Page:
In considering the state law claims and the issuance of a permanent injunction, we noted that the Illinois statute pursuant to which the duty to supervise arose, Ill.Rev.Stat., ch. 23, § 12-3, did not indicate specifically what activities were imposed by the duty. Moreover, the injunction proposed by plaintiffs was not sufficiently specific in defining supervision to guide the defendants' compliance with the injunction. We did note, however, that the failure of § 12-3 to delineate IDPA's specific supervisory duties should not preclude injunctive relief. Therefore we suggested as an appropriate remedy an injunction which would focus on the specific threatened constitutional violations and which would be tailored to avoid such violations.

On June 22, 1978, plaintiffs submitted such an injunction, which we entered on June 29, 1978. The injunction required IDPA (1) to insure that all units are aware of the AMI program and have current copies of the General Assistance Manual, (2) to insure that all units have state mandated application forms, (3) to ascertain whether each unit issues timely, written decisions on applications and to request such decisions from units that do not, (4) to determine that each unit has procedures designed to inform unsuccessful applicants of their right to appeal to the Public Aid Committee, (5) to ascertain whether each county has a Public Aid Committee in each county, (6) to ascertain whether each such committee has a current copy of the General Assistance Manual and has procedures for handling appeals, (7) to inform each committee of the unit's obligation to submit written fact statements before each appeal, and (8) to determine that each committee issues timely, written decisions applying state standards of eligibility.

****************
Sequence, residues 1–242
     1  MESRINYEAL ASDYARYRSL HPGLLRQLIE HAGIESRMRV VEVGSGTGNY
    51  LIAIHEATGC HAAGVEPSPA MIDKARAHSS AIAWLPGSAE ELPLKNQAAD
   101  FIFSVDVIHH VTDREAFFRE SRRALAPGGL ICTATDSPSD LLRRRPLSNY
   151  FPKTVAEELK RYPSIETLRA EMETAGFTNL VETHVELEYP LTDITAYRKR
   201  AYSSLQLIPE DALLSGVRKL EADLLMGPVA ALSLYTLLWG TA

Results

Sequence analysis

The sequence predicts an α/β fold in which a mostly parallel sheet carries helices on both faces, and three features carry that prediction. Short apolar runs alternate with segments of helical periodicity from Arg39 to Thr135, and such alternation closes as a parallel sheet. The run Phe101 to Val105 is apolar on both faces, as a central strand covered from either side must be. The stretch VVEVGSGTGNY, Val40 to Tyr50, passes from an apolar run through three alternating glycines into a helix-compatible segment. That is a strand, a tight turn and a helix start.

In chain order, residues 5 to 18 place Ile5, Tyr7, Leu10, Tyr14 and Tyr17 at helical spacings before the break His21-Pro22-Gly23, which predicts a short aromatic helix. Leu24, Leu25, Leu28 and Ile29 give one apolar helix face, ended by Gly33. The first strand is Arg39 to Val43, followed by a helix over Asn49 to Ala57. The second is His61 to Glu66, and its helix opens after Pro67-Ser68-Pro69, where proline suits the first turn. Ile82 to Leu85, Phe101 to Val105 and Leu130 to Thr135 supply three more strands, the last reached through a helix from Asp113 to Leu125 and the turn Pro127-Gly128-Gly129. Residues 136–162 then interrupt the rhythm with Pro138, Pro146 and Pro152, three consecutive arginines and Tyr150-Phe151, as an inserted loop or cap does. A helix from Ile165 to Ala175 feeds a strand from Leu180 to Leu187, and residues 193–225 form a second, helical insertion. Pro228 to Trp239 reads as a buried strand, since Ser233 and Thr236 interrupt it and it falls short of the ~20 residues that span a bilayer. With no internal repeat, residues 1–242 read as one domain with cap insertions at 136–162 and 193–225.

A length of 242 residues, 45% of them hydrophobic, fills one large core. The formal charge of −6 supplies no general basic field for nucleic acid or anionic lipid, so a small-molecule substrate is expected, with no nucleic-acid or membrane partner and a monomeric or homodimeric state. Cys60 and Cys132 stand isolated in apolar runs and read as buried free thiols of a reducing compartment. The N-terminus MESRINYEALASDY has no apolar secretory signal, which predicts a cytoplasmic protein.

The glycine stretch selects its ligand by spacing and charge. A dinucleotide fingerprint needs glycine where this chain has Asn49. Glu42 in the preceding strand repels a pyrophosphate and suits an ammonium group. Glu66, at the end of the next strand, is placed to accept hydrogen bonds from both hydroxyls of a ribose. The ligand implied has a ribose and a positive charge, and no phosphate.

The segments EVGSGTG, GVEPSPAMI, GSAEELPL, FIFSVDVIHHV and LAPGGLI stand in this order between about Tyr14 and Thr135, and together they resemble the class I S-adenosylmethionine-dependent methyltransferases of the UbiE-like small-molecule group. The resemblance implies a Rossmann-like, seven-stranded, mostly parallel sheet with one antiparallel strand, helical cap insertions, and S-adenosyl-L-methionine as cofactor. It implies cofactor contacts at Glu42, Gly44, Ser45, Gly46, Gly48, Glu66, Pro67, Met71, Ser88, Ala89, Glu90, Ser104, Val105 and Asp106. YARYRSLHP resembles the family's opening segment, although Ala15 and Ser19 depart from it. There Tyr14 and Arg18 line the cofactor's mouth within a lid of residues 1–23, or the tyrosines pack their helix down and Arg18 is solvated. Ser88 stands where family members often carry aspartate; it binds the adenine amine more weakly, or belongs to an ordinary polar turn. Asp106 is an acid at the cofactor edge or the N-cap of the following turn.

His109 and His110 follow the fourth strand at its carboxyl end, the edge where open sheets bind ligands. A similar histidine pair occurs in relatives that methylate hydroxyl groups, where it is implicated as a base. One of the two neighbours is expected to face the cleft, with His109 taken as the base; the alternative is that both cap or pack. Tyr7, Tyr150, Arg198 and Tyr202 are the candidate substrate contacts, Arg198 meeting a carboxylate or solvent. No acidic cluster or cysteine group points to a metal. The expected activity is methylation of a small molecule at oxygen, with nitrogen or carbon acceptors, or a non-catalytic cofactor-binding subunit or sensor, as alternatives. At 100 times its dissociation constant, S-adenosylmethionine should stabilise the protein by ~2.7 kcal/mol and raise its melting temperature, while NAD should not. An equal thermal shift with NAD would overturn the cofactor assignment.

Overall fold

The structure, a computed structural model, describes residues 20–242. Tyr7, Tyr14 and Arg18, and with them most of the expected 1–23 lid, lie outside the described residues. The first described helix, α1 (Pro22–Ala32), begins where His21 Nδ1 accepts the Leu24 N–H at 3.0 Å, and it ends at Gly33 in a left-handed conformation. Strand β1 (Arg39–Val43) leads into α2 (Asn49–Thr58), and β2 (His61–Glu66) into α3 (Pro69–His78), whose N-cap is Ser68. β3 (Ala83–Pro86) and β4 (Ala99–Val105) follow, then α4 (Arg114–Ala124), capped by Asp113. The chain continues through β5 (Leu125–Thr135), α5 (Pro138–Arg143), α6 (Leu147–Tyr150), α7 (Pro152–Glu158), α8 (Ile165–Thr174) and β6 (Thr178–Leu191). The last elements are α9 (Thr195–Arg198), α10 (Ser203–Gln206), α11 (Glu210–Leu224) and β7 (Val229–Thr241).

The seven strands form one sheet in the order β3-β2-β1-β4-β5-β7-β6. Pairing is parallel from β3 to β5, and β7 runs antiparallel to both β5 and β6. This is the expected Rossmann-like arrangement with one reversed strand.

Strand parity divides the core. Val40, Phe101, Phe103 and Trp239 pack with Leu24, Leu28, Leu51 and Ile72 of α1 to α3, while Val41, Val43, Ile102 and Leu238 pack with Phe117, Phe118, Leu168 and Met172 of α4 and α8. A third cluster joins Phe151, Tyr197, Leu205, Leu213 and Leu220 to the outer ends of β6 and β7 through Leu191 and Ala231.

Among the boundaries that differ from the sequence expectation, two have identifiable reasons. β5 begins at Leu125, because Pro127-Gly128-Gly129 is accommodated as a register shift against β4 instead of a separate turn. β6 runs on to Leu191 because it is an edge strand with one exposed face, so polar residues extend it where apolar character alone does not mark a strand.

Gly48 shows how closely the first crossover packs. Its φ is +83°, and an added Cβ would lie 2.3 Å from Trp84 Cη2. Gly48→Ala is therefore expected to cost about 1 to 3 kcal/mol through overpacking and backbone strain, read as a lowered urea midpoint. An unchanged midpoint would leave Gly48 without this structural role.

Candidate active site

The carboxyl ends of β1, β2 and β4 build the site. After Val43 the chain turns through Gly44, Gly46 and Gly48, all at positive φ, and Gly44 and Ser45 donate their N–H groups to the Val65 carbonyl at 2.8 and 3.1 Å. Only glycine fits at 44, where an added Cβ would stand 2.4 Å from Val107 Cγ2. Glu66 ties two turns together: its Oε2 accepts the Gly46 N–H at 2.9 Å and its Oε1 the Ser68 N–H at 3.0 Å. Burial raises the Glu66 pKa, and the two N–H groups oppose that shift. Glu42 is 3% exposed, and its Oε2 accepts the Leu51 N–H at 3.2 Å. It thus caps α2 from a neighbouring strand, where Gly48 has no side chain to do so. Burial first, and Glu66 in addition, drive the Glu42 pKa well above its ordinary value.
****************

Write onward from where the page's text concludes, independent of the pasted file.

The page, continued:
Mr. Goldsmith seeks compensation at the rate of $60 per hour for 222.96 hours. Mr. Hecht seeks fees at the rate of $40 per hour for 91.50 hours. Defendants challenge some of the hours charged by both attorneys. Although defendants have specified precisely which hours are excessive, the only support for each challenge is a conclusory statement that the hours are "excessive" or "duplicative" or constitute "nonlegal work." We reviewed the hours charged by plaintiffs' attorneys, and we find them to be reasonable. Plaintiffs' counsel seek fees for approximately three hundred hours. This figure is eminently reasonable for a case spanning six years and involving several substantive motions. Moreover, IDPA does not contend that any of the time charged to IDPA should have been charged to other defendants.